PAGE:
Posted via email from Julian Treasure's posterous

30 July, 2011

Conscious listening

My short TED talk on conscious listening went up on the TED website on Friday July 29 – one of the first from TEDGlobal in Edinburgh, and my third talk on ted.com. I'm honoured, and the reaction to this talk has been wonderful already, as I write just a day later. Views on TED's site are at around 70,000 in just 24 hours (which means double that on the web as a whole) and I have had a lot of great connections from teachers, psychologists, academics and businesspeople who are going to use the five exercises and support the vision of teaching listening in schools.

Here's the talk. Please take a look (and a listen) and pass it on if it resonates with you. The practice of conscious listening will make a real difference in the world.


Posted via email from Julian Treasure's posterous

27 July, 2011

The Four Golden Rules of Sound

Whenever sound is deployed in a commercial space, I recommend that it should always be created in accordance with the following four Golden Rules of commercial sound.

 1. Make it optional
The backlash against piped music (with consumer groups like PipeDown to the fore) is partly fuelled by the resentment that arises from being given no choice. Research shows that people’s irritation with noise increases dramatically when they have no control over the sound source. It follows that we must try to give people a choice about any sound we inflict on them.

 On the web, this means starting with sound off and offering it as an option (with an omnipresent control to toggle sound on/off). Obviously it's more difficult to make sound optional in a physical space – though not impossible. A range of rooms or spaces with different soundscapes is one practical solution, as educational establishments with silent reading rooms have long understood. If we can’t offer soundscape options that way, the next best thing is to target sound as carefully as possible, so that we upset the smallest number of people. For spaces with a very tight demographic and psychographic user profile, this is not too difficult. Some shops, bars, clubs and restaurants know exactly who their customers are and what they like; in many cases the sound (usually music) acts as a filter, attracting the ‘right’ people and warning the ‘wrong’ ones to go elsewhere because this is not for them. Buddha Bar and Abercrombie & Fitch are two good examples.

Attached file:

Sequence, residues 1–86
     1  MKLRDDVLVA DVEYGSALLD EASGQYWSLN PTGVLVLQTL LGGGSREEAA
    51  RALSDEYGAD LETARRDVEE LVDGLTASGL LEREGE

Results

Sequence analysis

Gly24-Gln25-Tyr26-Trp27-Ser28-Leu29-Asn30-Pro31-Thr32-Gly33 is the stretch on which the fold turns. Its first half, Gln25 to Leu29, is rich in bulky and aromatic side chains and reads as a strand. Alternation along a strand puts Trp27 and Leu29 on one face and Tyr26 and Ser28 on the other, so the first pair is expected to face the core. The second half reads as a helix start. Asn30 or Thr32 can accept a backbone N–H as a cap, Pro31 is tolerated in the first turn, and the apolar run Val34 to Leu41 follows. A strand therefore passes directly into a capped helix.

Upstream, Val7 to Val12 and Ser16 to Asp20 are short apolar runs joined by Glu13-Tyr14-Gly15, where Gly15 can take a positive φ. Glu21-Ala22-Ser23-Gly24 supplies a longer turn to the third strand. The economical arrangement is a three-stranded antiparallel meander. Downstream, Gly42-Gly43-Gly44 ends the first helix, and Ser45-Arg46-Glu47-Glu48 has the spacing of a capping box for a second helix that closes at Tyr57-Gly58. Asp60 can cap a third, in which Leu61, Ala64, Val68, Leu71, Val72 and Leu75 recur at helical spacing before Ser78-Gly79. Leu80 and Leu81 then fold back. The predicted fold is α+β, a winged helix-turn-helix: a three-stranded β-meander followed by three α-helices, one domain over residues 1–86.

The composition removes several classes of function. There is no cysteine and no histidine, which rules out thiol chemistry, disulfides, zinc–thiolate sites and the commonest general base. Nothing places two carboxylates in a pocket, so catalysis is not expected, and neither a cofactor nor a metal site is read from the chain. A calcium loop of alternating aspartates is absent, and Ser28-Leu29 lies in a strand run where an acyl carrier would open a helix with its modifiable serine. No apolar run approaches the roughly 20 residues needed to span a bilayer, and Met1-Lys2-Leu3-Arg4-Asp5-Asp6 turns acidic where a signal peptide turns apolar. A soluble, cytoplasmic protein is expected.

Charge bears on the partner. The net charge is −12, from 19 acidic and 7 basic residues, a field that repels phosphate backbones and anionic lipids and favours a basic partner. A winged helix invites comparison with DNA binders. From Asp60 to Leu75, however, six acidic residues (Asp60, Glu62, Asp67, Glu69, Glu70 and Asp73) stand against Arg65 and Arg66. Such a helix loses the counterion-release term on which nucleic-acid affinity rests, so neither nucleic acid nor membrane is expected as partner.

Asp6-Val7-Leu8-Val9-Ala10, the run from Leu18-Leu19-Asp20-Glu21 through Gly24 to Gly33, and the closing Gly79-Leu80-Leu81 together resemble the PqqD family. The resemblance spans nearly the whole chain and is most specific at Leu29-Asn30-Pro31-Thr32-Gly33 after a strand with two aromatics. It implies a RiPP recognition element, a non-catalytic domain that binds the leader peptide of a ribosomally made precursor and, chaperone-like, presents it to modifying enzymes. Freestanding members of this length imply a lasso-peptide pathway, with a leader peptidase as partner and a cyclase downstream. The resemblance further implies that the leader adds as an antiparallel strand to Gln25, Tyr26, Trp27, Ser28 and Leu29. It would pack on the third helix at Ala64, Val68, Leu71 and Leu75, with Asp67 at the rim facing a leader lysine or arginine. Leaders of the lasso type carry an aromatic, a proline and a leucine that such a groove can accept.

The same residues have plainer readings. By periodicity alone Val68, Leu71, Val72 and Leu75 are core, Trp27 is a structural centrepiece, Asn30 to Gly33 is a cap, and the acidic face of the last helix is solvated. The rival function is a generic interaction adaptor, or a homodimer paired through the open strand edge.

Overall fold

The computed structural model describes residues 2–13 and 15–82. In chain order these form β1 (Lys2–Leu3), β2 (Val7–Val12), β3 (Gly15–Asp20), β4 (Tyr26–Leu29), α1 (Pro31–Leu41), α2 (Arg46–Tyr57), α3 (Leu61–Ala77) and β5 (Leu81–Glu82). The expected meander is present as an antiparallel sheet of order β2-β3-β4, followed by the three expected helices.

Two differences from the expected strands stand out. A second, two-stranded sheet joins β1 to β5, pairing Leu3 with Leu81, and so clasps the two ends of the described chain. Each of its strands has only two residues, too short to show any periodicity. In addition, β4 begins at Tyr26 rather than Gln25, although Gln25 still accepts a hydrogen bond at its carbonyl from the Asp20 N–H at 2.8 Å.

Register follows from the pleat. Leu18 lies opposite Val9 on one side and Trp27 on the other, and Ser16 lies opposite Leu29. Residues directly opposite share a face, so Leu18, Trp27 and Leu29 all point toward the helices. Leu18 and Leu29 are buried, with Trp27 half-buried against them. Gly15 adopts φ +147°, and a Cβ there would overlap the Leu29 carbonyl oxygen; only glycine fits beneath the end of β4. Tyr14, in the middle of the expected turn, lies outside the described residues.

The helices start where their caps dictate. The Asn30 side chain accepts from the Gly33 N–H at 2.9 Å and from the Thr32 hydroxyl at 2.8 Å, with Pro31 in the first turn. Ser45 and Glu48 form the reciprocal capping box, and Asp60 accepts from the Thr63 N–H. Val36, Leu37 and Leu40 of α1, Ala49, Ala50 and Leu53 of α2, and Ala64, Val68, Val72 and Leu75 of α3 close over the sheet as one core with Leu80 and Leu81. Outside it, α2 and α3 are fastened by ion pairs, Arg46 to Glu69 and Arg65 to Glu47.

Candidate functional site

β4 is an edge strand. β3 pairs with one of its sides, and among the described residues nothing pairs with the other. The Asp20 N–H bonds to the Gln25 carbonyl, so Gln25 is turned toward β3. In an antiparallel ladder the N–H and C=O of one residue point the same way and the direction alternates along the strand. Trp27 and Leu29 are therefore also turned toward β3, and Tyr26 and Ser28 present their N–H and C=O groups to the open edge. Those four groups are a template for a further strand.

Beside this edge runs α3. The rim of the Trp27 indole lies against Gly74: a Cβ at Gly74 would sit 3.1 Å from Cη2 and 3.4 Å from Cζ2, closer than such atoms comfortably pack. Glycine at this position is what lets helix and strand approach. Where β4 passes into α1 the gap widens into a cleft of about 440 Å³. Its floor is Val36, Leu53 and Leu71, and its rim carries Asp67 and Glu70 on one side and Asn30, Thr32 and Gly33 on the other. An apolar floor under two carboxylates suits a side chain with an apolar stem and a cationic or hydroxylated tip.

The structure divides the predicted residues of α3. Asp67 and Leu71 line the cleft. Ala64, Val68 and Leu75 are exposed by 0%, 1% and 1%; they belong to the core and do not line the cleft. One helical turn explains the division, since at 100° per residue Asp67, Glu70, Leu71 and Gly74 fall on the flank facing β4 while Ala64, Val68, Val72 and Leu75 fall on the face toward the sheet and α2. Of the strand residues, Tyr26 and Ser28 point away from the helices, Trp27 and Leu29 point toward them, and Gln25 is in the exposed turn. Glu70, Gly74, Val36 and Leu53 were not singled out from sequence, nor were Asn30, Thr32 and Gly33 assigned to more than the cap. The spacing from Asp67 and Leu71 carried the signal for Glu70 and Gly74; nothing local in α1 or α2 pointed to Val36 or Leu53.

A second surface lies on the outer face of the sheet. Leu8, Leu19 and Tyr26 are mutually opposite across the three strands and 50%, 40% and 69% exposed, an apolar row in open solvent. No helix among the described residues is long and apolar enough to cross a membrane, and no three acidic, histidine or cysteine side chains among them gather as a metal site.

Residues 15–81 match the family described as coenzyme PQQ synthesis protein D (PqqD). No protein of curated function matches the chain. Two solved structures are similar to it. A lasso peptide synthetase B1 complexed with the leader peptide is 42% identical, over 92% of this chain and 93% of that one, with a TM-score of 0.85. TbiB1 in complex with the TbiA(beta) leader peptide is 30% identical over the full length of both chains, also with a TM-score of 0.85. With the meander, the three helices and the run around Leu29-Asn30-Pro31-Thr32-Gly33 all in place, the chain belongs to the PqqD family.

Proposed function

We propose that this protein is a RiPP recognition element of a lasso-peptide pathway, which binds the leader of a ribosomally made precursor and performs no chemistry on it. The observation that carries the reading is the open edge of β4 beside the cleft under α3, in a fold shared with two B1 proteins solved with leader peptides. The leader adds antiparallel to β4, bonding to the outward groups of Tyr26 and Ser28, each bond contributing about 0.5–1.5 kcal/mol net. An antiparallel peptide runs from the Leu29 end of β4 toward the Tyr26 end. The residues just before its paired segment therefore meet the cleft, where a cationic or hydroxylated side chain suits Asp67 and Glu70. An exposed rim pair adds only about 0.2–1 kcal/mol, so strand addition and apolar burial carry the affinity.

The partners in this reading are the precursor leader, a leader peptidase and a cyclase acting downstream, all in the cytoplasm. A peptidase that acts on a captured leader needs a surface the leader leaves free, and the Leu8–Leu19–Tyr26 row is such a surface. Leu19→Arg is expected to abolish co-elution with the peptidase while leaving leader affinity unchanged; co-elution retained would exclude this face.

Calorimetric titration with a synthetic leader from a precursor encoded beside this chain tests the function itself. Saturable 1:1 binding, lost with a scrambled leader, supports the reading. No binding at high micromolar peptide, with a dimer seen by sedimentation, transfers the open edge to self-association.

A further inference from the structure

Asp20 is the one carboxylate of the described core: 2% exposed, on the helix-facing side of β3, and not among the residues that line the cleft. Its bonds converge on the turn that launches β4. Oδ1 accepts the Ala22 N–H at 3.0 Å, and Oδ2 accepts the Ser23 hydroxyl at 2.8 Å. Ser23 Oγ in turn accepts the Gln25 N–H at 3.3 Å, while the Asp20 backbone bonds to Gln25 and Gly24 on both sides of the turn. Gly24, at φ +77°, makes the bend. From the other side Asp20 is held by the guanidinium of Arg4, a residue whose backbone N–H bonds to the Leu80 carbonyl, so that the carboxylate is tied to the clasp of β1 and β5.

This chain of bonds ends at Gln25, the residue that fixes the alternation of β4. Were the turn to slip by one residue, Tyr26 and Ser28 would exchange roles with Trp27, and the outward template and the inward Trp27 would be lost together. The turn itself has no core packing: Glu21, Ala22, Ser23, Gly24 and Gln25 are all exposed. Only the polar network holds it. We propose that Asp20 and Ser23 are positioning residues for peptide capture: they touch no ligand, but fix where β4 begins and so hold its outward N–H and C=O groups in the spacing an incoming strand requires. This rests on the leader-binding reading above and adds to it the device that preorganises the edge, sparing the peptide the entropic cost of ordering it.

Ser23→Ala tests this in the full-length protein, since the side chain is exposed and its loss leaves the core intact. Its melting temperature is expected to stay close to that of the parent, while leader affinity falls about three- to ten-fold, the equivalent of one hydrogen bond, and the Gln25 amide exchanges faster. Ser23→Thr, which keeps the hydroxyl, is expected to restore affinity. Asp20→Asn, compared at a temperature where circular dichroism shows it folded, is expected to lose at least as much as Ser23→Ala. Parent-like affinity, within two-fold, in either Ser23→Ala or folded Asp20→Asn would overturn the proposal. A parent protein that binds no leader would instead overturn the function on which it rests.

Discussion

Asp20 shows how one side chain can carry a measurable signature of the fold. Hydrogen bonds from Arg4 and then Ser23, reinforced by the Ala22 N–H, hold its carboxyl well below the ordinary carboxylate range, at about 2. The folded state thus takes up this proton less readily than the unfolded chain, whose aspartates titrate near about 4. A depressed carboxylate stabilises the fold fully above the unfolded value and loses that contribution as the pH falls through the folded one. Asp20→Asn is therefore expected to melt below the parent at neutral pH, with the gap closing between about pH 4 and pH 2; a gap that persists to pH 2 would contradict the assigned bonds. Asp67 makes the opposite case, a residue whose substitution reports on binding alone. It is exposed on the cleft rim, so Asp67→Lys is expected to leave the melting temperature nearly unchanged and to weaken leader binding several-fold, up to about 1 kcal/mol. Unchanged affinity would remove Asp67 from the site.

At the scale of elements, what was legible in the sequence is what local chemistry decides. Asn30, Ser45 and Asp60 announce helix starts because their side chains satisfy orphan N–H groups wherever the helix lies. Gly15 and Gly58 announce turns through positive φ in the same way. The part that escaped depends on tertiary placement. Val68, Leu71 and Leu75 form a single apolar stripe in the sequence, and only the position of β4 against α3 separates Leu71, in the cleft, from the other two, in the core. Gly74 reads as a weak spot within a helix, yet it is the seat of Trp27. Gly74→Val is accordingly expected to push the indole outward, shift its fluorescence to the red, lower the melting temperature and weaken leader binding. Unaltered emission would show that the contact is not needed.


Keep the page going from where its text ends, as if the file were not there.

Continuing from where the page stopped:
This approach can work in more generalist spaces if music is used as part of an overall zoning policy. For example in a large mall there might be zones for younger and older customers, and sound or music could be a form of signposting to help nudge people in the right direction.

 The problems arise for generalist spaces that can’t or won’t operate this kind of zoning. One person’s signal is another person’s noise, and nowhere is this truer than with broadcast sound in public. Whatever you play in a mass-market space, you will upset someone. I strongly suggest two actions. First, err on the side of caution: it’s better to inject no sound that the wrong sound. There is nothing at all wrong with the sound of people shopping! Second, research carefully before you deploy. Do not assume that your customers will naturally love smooth jazz and r&b classics, because they just might loathe them. Use focus groups to ascertain attitudes, and create pilot sites where you run proper quantitative tests that measure the effect of the soundscape on people’s behaviour (see Golden Rule 4).

 2. Make it congruent
Music is not the only (or even the best) type of sound to deploy in commercial spaces. After all, it is made with the strong intention of being listened to, so when it's played in the background there is a conflict of interest. The visual equivalent would be covering every inch of your walls with works of art.